Careers in dance

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    Creating Pathways keynote speech by Raymond Blanco

    What is contemporary Indigenous dance? When did this term become associated with our culture, our dance? Or is it Indigenous Contemporary? Have we an Historical Dance Culture or are we living a Dance Culture History? Do we make now from then or is it from then now? For some of us exposure to contemporary Indigenous dance came from television. If we were really lucky we had a group of dancers come to our town and teach and perform at our schools, and for the unlucky our only exposure came from Bangarra.

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    Sustainable careers for dance artists

    The dancer’s performing life is highly focused, demanding dedicated vocational training from an early age, and it depends on time-consuming creative and physical regimes. Dance artists, in contrast with other artists, are particularly challenged when it comes to professional career development.

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    Projects View all

    Investigating injuries in Australia’s professional dancers

    Australia is at the forefront of dance injury epidemiology efforts; the Safe Dance Project Report on dance injury prevention and management in the Australian dance profession, known as Safe Dance®, was launched over 25 years ago. It was the first study of its kind conducted in Australia and showed an alarming prevalence of both chronic and acute injuries in Australian dancers. These findings led to a variety of recommendations and initiatives, including a recommendation to repeat the Safe Dance study regularly to evaluate the effect of these initiatives and provide further insight into dancer health and wellbeing.

    National Dance Forum 2017

    The 2017 National Dance Forum will bring together makers, producers and presenters to discuss and share knowledge on current digital practices and technological developments. The two-day forum will focus on strengthening the dance sector’s capacity within the digital domain. It will engage artists in developing and sharing skills in this environment.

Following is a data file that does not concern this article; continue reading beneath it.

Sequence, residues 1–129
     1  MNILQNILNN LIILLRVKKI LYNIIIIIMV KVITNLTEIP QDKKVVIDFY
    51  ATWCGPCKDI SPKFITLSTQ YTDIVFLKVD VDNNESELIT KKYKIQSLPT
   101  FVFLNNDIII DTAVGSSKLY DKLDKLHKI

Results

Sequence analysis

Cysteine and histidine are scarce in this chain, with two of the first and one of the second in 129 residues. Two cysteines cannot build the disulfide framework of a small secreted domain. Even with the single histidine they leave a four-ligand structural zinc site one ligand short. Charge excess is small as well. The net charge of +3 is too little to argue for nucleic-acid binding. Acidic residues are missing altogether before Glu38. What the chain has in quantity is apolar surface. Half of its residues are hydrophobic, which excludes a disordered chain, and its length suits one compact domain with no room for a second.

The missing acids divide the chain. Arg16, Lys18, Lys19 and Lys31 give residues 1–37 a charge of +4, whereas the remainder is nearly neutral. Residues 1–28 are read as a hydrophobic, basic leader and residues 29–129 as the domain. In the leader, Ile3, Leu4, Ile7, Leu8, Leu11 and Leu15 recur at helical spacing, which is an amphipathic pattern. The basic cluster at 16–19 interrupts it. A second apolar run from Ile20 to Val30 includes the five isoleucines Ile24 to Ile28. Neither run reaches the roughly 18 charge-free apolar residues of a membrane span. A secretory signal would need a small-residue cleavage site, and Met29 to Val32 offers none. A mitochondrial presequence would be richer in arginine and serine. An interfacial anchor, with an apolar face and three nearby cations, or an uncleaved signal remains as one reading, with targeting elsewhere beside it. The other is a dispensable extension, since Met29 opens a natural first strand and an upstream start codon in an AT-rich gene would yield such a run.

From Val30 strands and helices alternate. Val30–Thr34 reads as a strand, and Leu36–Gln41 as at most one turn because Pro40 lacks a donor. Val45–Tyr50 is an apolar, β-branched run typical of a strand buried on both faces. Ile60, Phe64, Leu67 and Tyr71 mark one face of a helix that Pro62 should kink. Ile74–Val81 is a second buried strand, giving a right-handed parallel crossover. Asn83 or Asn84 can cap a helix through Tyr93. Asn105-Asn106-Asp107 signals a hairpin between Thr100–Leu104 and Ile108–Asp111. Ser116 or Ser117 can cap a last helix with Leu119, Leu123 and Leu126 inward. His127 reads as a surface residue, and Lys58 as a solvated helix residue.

The fourth National Dance Forum (NDF2017) will take place from 25–26 September 2017 at the Victorian College of the Arts in Melbourne, Victoria.

    Creating Pathways National Indigenous Dance Forum

    Creating Pathways was a national Indigenous dance forum for mid-career dance artists held in October 2005 at the National Museum of Australia in Canberra. Participants came from all over Australia to discuss issues such as identity, training, the question of contemporary Indigenous dance, career opportunities and professional practice.

    As a result of recommendations made at Creating Pathways, a new position of National Indigenous Dance Coordinator was funded by the Australia Council.

    Creating Pathways was managed by Ausdance National and funded by the Aboriginal and Torres Strait Islander Arts Board and the Dance Board of the Australia Council, and the Arts ministries of NSW, Queensland, Western Australia, South Australia and the Northern Territory.

    Keith Bain Choreographic Travel Fellowship

    The Keith Bain bequest provides financial assistance for an emerging choreographer to travel internationally with the sole purpose of developing and extending their choreographic practice.

    Australian Dance Awards

    The annual Australian Dance Awards recognise and honour professional Australian dance artists who have made an outstanding contribution to Australian dance. The event aims to publicly honour and reward those who have, through their achievements, raised the standards of dance in Australia; raise the profile and prestige of dance and acknowledge the depth and diversity of the dance profession in our society; and present a performance program representing excellence and diversity in the pinnacle of both innovative and established dance.

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    Publications View all

    Ausdance National newsletter

    Published every two months, and themed around an event or popular dance topic, our email newsletter reflects on professional dance practice and shares ways for you to get involved.

    Brolga 40

    Articles in this issue explore ideas that relate to improvisation as it has been experienced in a practical, bodily way.